William Robinson was born in Ireland in 1838 and studied horticulture at the National Botanic Gardens at Glasnevin near Dublin. He went on to become a most influential and respected gardener and horticultural writer. He was a formidable character, hot tempered and outspoken but also energetic and diligent with a classic Victorian zeal for reform.
In 1861, he moved to London and spent some time working in Regent’s Park.
It was a visit to France in 1867 which inspired him to write his first gardening book, ‘Gleanings from French Gardens’ (1868). In this volume, Robinson criticised the formal nature of French gardens, (he actually thought the Garden of Versailles was terrible), but praised the natural style of the ‘sub-tropical’ bedding.
Robinson had an aversion to strait-laced garden design lamenting that the age of the Industrial Revolution was putting nature at risk from contemporary taste. He was influenced by the Arts & Crafts movement, led by John Ruskin and William Morris who were against poor design and mass production a direct result of the Industrial Revolution, and who sought to encourage the revitalisation of traditional English handicrafts. He also became friends with Gertrude Jekyll in the 1880’s as a result, both sharing the same ideals.
In 1870 Robinson published two works, “Alpine Flowers for Gardens’ and ‘The Wild Garden’.
In the former he proposed planting species of alpine in small rock gardens, a practise which quickly caught on, becoming commonplace in many an English garden. In ‘The Wild Garden’, Robinson decreed that a garden should encourage natural development and have respect for plant form, colour, growing habits and foliage rather than adhere strictly to a layout.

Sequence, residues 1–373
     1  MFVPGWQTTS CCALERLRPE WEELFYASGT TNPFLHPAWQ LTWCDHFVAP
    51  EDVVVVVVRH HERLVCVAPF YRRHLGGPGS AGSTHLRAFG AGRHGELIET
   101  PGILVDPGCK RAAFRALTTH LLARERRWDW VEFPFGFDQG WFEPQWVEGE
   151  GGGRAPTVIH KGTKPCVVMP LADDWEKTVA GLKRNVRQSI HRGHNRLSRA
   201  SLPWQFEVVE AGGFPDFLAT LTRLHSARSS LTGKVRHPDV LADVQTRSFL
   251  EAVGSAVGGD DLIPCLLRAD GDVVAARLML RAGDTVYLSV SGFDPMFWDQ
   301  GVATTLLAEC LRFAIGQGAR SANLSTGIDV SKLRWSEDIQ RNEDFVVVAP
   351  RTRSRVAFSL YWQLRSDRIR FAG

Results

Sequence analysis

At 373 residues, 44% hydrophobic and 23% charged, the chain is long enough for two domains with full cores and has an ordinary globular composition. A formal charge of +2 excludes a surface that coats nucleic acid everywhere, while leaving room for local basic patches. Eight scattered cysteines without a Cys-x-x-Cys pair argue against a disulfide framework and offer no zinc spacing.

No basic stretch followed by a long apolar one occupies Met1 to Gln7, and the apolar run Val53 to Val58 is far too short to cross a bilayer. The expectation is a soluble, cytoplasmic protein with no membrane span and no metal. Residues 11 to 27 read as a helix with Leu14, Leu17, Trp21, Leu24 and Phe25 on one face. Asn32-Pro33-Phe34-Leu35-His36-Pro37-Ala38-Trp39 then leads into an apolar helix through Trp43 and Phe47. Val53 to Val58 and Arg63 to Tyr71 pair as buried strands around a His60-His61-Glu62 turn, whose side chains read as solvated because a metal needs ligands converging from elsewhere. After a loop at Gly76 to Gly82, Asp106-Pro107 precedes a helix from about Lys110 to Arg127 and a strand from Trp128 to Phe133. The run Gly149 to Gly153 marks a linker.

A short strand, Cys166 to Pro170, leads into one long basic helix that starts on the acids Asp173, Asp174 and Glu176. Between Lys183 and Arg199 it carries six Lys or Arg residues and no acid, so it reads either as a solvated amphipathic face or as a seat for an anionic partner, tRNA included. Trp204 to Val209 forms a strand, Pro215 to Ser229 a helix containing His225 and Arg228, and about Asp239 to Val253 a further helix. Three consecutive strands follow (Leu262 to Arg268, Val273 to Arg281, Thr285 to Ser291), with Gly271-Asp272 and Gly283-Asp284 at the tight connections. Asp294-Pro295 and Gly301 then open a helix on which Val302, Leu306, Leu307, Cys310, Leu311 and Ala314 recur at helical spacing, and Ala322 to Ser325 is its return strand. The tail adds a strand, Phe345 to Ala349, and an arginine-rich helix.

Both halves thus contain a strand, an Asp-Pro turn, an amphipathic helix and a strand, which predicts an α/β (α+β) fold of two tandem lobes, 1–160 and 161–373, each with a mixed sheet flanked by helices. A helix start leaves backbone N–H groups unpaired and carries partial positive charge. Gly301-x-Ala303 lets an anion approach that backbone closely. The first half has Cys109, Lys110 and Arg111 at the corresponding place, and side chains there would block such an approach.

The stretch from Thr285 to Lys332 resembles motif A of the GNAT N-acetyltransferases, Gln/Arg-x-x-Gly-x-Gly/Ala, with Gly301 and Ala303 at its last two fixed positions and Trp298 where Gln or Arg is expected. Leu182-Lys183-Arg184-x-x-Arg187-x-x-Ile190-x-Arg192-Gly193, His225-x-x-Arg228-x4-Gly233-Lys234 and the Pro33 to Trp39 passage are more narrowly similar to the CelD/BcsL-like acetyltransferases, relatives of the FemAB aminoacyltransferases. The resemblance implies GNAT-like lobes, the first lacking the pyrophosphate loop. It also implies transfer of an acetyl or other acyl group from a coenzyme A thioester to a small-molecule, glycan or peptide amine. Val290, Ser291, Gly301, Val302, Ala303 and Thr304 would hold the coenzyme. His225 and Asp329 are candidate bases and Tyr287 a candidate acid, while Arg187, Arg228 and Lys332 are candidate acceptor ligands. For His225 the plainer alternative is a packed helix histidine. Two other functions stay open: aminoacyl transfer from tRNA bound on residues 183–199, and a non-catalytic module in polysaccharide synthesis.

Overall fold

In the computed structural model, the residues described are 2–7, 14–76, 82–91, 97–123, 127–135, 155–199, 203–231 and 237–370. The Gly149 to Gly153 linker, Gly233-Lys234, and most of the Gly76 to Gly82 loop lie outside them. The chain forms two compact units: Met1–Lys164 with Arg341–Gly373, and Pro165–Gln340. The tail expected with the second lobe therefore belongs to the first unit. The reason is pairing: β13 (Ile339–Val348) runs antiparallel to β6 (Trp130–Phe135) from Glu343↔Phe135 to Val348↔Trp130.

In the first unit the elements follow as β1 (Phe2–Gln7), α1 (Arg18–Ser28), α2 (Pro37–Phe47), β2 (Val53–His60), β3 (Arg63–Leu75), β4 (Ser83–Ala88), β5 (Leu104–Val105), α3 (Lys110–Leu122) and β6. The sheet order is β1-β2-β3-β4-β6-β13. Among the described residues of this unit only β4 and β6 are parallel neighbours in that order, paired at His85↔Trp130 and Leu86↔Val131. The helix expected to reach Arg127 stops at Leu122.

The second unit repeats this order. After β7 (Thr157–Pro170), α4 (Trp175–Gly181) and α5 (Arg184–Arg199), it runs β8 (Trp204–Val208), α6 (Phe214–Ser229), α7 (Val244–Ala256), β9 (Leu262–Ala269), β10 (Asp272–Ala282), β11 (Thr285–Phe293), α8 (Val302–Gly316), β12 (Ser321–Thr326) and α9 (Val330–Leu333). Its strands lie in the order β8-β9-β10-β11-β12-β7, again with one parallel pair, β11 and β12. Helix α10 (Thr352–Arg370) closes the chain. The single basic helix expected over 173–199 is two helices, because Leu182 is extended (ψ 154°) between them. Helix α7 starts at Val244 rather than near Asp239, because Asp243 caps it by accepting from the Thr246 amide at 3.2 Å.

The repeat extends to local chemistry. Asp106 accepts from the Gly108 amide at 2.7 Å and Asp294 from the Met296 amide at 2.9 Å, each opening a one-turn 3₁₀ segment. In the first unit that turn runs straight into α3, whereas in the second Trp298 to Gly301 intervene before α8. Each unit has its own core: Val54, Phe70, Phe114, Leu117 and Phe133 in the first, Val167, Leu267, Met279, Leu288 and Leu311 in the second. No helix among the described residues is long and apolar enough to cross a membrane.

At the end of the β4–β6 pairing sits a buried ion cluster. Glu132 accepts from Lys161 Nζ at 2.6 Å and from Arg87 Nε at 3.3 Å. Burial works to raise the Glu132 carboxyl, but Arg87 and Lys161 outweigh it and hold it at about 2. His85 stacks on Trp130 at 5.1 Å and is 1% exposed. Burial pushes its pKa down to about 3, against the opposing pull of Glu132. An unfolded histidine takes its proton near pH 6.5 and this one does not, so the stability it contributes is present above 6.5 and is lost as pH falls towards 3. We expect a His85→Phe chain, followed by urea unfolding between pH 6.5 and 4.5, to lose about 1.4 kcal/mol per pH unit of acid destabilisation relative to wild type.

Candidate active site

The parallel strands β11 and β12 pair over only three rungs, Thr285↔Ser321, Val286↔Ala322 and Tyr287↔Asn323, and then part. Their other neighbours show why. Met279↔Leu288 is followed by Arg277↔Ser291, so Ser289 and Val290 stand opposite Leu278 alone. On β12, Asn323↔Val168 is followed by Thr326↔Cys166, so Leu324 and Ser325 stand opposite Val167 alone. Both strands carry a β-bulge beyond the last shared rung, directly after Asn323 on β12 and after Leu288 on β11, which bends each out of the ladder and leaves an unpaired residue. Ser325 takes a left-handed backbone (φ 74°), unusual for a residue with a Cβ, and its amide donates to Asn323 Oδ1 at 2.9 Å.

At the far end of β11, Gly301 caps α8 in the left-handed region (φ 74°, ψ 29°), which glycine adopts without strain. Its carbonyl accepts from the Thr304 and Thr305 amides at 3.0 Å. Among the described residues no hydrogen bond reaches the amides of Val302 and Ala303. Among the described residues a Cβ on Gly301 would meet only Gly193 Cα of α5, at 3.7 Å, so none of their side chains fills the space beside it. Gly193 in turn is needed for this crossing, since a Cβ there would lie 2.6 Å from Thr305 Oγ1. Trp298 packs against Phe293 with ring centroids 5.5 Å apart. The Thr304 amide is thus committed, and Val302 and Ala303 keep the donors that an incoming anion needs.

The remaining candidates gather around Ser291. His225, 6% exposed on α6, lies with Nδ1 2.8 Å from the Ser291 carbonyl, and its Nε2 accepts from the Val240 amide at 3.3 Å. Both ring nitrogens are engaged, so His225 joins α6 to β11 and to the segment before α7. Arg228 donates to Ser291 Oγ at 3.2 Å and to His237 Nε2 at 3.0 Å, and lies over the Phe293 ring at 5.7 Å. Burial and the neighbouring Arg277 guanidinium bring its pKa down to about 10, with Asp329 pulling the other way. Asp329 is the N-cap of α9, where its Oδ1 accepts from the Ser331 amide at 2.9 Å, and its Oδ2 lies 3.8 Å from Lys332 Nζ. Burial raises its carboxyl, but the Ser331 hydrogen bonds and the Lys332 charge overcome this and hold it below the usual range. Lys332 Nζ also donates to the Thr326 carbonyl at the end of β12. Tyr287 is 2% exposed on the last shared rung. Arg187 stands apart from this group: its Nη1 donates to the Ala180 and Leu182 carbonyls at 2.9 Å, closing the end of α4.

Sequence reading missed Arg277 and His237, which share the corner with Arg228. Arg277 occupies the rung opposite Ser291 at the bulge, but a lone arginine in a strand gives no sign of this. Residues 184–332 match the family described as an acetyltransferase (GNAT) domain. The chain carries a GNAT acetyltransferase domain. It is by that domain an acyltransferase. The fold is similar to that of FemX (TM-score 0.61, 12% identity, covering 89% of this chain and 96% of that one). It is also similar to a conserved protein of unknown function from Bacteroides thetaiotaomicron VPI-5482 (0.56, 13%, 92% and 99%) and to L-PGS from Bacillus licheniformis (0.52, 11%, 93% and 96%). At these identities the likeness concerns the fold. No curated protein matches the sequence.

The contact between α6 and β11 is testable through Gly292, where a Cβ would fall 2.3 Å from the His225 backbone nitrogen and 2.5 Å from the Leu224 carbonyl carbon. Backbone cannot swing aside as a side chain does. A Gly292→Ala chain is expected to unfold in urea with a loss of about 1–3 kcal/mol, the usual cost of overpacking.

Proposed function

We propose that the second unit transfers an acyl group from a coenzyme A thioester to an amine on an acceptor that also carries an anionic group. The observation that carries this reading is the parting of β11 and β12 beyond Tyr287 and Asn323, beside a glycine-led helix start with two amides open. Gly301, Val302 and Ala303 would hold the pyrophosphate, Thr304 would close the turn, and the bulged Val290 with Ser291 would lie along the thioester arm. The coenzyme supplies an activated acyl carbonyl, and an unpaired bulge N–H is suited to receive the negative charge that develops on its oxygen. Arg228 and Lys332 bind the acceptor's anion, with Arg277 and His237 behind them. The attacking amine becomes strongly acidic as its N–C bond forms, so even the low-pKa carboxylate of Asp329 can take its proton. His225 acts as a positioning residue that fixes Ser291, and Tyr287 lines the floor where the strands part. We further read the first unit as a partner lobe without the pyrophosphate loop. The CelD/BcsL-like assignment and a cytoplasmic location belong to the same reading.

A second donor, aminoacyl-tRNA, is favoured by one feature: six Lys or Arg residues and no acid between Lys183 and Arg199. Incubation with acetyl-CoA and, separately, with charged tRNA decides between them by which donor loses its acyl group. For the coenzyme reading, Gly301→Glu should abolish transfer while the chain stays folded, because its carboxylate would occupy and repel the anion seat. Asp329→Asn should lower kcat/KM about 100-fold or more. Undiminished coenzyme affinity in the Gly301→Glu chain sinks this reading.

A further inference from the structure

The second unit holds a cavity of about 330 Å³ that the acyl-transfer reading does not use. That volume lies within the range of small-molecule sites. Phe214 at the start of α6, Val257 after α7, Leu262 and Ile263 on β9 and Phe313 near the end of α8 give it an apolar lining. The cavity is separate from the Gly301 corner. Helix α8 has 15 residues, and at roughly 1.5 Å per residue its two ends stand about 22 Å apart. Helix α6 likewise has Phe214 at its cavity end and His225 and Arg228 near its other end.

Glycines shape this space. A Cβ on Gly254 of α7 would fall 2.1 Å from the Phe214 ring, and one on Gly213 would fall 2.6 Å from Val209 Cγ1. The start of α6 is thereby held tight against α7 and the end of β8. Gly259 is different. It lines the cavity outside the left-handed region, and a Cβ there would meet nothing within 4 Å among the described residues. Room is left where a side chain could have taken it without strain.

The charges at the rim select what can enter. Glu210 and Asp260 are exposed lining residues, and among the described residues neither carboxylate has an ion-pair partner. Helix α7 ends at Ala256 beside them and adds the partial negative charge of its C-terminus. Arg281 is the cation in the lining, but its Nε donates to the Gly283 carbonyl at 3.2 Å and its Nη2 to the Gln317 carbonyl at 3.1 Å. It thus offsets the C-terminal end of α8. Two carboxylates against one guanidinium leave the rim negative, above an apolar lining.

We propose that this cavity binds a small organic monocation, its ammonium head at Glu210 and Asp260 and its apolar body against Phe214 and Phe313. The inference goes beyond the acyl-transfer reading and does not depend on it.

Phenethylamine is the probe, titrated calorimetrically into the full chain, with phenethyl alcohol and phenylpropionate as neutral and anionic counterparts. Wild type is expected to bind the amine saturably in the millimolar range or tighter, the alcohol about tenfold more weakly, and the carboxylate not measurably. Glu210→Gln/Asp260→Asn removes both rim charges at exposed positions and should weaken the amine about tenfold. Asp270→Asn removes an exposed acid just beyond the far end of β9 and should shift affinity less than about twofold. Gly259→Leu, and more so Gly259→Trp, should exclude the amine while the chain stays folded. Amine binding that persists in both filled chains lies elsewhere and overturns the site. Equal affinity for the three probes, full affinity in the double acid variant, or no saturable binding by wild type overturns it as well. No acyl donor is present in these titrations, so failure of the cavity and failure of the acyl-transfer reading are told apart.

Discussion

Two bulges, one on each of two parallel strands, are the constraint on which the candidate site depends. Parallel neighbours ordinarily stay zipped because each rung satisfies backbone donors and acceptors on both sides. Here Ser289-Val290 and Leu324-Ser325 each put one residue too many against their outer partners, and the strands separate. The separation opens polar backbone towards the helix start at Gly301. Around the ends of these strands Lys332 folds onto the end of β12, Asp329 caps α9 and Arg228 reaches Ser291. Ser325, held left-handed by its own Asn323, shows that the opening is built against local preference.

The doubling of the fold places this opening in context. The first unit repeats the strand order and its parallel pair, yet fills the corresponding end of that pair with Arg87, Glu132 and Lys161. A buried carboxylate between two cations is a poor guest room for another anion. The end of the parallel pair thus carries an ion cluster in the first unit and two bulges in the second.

His concept of using permanent planting rather than bedding plants and his insistence on achieving an informal garden by mixing native and exotic plants, swathes of bulbs in grass and a subtle use of colour all played an important role in heralding the change of gardening into what we know today.
In 1871 the launch of Robinson’s weekly journal ‘The Garden’ enabled him to reach out to a wider audience with his naturalistic approach to gardening. His use of trees, rocks, water and pasture together with more widely available plants set a fashion for large gardens by the turn of the century.
Robinson’s greatest written work ‘The English Flower Garden’ was published in 1883, and is still available today. He encouraged each and every person to be individual in creating their own garden, encouraged the study of the interaction of plants, how each ones size, shape and foliage worked with the other. He wanted to leave gardening ‘to each gardener’s individual imagination and ability to create his own private, personal wilderness’.